If Johnny Got His Gun made an artistic impact on the anti-war movement, ascendant vierge’s Petit Soldat (Little Soldier) as illustrated by Jamie Harley might too for a younger generation. The track is a punch in the face – or a bullet in the heart, allying ethereal and heavy sounds, while the video oscillates between grandiloquence and absurdity – the absurdity of the human condition in the face of war.
Franco-Belgian outfit ascendant vierge, aka Mathilde Fernandez and Paul Seul, do have a habit of creating effective and striking music, their own take on modern-day hardcore (and gabber) if you will, assorted with saturnine French lyrics delivered in crystal-clear vocals – yes all this and despite the duo’s very minimal studio setup and relatively recent emergence in the scene. ascendant vierge are also known for spoiling their public with dazzling videos, and this new one by Paris filmmaker Jamie Harley does not disappoint. Here is how the Petit Soldat opus came to be in the words of its makers.
How did this collaboration happen, Jamie did a video for Koudlam’s track Negative Creep that had a gabber flair, was that part of the connection?
Paul: Yes, we met around the time of the shooting of the Negative Creep video. I kinda helped to facilitate shooting at MOH – Masters Of Hardcore – a huge hardcore festival in the Netherlands.
Jamie: Yes, exactly. Paul really had a key role in the filming of the Negative Creep video. We shot it over five or six weekends in Germany and the Netherlands. I didn’t know well the hardcore and gabber scene; he was a precious guide and the perfect introduction to this whole culture.
And what was the creative process like from concept to the final result?
Mathilde: Since Paul and Jamie knew each other for a while, we asked him to do whatever the song inspired him to. As the song is pretty graphic in the lyrics, we absolutely didn’t want to choose a subject or a way to illustrate what we were saying. Jamie told us very quickly that he wanted to do the history of humankind through the prism of wars and battles, from the prehistoric era to our era and even beyond, with images picked from B movies or TV shows.
Jamie, it’s been a minute since you did a music video…
Yes, this is my first new video released in something like four or five years. I had been doing music videos very intensively for nearly ten years and at one point I really felt the need to take a break and to start traveling instead. And that’s what I did until I got grounded like everyone last year.
How did your work on Petit Soldat compare to creating other music videos?
I have a lot of respect for ascendant vierge; I love how bold, brave, and flamboyant they are, and when Paul contacted me, I felt I was in friendly territory. In general, I only accept to do videos if I come up quickly with an idea. Otherwise, there’s a risk it ends up being a tedious experience and possibly lead to a boring video. For Petit Soldat, I knew pretty much right away what I wanted to do, and after that, the whole process was easy and straightforward. It was exciting for me to do a very literal video and not to hide behind a cryptic concept. Also, the song had so much energy; I knew that it would be an interesting challenge to match it visually.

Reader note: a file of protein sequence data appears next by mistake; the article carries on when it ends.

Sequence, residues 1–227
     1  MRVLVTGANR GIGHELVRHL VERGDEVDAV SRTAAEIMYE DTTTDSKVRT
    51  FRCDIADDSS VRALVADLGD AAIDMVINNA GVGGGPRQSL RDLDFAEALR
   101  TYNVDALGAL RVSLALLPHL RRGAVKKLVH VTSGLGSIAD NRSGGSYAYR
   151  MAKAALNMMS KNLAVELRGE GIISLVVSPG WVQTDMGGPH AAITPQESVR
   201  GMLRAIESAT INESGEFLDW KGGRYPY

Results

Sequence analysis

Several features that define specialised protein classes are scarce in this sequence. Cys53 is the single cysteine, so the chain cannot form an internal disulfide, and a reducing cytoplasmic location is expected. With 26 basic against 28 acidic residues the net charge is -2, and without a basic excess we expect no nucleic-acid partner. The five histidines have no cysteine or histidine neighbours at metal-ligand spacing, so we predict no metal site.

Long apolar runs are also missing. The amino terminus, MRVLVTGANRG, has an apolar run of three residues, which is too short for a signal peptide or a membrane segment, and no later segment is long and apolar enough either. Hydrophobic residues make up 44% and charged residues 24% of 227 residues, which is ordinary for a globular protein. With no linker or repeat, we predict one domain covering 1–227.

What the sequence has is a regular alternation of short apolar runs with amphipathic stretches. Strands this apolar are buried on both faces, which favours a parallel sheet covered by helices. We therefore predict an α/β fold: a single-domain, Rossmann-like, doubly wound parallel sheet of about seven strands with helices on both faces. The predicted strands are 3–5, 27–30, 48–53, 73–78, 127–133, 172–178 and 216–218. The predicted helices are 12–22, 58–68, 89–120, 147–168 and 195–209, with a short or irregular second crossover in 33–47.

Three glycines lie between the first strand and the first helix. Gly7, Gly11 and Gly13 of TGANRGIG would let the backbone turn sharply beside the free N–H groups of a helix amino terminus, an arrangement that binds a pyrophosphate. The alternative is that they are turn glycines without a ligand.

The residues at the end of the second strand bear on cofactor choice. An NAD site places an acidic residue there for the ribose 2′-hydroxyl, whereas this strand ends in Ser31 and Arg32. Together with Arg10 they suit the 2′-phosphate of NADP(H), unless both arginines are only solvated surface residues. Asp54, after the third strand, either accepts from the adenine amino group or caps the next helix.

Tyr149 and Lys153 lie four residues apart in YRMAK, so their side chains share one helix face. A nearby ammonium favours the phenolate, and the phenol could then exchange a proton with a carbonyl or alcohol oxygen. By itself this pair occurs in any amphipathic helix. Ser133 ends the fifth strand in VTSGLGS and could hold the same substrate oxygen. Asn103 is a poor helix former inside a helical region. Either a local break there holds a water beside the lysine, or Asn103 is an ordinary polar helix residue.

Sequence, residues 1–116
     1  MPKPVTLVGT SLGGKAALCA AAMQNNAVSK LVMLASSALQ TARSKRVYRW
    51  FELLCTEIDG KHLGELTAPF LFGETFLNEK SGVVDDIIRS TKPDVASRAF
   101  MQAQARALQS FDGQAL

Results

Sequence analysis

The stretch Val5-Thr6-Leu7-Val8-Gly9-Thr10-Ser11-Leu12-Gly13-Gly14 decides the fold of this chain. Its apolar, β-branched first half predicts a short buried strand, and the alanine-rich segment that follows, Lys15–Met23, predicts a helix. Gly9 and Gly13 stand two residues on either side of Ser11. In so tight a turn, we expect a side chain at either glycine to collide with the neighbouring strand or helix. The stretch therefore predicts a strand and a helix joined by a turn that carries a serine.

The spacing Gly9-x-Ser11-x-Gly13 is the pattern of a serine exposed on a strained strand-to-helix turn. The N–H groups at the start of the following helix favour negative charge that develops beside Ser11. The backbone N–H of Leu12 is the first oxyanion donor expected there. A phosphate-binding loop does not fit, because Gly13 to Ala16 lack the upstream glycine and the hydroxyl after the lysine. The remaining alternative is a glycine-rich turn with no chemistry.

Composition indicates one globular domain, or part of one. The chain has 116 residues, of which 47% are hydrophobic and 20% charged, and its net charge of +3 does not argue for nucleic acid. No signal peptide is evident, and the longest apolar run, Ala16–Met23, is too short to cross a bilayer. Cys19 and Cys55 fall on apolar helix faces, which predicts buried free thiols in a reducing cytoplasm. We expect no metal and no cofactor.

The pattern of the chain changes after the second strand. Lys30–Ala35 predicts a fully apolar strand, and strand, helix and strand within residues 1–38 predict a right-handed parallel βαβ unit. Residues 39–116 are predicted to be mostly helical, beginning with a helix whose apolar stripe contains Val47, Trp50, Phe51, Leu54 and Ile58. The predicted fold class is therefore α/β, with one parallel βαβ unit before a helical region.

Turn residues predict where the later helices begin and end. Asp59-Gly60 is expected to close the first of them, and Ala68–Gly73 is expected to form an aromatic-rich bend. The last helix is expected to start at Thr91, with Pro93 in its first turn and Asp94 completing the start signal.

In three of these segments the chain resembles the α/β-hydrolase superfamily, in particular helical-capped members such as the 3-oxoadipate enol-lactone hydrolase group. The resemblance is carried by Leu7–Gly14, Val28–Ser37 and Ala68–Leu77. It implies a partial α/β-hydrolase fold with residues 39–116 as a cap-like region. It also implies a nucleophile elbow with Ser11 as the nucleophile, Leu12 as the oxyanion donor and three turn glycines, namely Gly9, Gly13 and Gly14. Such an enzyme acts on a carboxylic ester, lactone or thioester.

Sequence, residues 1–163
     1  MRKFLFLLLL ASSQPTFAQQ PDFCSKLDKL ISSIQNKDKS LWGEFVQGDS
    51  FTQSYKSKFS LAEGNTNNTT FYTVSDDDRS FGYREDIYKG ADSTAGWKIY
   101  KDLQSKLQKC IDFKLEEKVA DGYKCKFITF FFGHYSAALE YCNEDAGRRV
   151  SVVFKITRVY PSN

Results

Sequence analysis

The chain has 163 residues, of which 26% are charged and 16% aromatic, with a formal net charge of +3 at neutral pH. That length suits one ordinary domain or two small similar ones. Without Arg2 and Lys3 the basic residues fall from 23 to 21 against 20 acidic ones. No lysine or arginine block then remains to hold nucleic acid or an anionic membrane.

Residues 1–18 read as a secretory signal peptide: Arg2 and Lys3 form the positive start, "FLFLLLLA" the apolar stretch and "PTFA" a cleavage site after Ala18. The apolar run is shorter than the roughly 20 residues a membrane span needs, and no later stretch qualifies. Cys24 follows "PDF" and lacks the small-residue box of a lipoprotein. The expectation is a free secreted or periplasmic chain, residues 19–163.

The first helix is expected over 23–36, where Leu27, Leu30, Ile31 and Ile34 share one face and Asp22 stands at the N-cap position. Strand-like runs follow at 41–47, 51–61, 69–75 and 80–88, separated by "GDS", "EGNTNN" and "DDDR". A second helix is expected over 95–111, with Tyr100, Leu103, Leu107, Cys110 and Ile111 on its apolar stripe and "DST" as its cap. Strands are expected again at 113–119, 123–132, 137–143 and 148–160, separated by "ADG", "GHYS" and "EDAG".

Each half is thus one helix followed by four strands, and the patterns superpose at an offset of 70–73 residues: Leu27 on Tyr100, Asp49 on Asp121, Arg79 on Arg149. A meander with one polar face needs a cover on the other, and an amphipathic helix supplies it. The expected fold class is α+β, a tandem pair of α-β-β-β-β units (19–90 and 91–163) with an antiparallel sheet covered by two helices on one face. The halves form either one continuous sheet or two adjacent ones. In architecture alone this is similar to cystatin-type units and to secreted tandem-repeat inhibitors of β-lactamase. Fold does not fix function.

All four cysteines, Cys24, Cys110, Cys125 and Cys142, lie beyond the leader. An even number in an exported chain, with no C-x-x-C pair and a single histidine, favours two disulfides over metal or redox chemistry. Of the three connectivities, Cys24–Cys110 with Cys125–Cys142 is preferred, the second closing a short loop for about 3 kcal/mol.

And what impression did you want to convey with this piece?
I always love to associate contrasted feelings and to do abrupt changes of tone. The video is just as much silly and fun as it is dark and pessimistic. War is dumb and tragic, exhilarating and depressing, and I wanted to connect all these feelings together.
Mathilde and Paul, the Petit Soldat audio from the video is a bit different from the live version from a few months ago, isn’t it?
When we performed Petit Soldat in Brussels and on Sequence, the song was very young. We made it a year ago during lockdown, and we pushed it a step forward in the last studio sessions. And Paul wanted to use his vocals for some tracks for the live shows. Petit Soldat was perfect for his backing vocals; so we decided to push his vocals and record them with a distorted punkish treatment.
Now that the video is out and that people love it, what’s next?
Jamie: Besides doing music videos, I’m also working as a music supervisor on French feature films and I have collaborated with directors like Michel Hazanavicius, Julie Delpy, Sébastien Lifshitz… For me it’s pretty much the same thing in the end: I’m always syncing music and images together!
Mathilde & Paul: We are producing on ascendant vierge non-stop for two years now; we work every week on new tracks. We are satisfied that our sound has found its public, the nice words and people filming themselves dancing and screaming are our joy. We would love to take our songs to clubs but honestly, we can’t count on it before some time. We have three shows planned in Paris in September; we can’t wait… fingers crossed they happen.